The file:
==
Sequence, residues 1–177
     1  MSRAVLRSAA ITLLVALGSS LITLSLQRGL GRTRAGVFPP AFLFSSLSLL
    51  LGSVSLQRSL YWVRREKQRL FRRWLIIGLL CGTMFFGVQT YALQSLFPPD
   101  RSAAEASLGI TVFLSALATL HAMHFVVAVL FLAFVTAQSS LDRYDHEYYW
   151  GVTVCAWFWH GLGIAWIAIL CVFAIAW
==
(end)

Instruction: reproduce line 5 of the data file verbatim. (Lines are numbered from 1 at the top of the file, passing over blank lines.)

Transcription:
   151  GVTVCAWFWH GLGIAWIAIL CVFAIAW